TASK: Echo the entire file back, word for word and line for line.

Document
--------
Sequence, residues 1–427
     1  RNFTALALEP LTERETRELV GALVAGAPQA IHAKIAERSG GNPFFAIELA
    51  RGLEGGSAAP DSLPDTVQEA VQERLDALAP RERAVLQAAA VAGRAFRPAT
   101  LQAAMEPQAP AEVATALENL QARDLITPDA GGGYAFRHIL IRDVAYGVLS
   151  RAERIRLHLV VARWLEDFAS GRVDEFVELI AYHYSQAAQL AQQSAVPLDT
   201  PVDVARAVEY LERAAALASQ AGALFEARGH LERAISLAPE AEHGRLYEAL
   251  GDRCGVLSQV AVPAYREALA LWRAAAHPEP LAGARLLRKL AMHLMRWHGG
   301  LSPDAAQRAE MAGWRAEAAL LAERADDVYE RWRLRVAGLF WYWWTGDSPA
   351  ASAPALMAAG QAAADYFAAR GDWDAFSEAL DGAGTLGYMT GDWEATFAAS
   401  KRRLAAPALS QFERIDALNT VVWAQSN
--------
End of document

Sequence, residues 1–427
     1  RNFTALALEP LTERETRELV GALVAGAPQA IHAKIAERSG GNPFFAIELA
    51  RGLEGGSAAP DSLPDTVQEA VQERLDALAP RERAVLQAAA VAGRAFRPAT
   101  LQAAMEPQAP AEVATALENL QARDLITPDA GGGYAFRHIL IRDVAYGVLS
   151  RAERIRLHLV VARWLEDFAS GRVDEFVELI AYHYSQAAQL AQQSAVPLDT
   201  PVDVARAVEY LERAAALASQ AGALFEARGH LERAISLAPE AEHGRLYEAL
   251  GDRCGVLSQV AVPAYREALA LWRAAAHPEP LAGARLLRKL AMHLMRWHGG
   301  LSPDAAQRAE MAGWRAEAAL LAERADDVYE RWRLRVAGLF WYWWTGDSPA
   351  ASAPALMAAG QAAADYFAAR GDWDAFSEAL DGAGTLGYMT GDWEATFAAS
   401  KRRLAAPALS QFERIDALNT VVWAQSN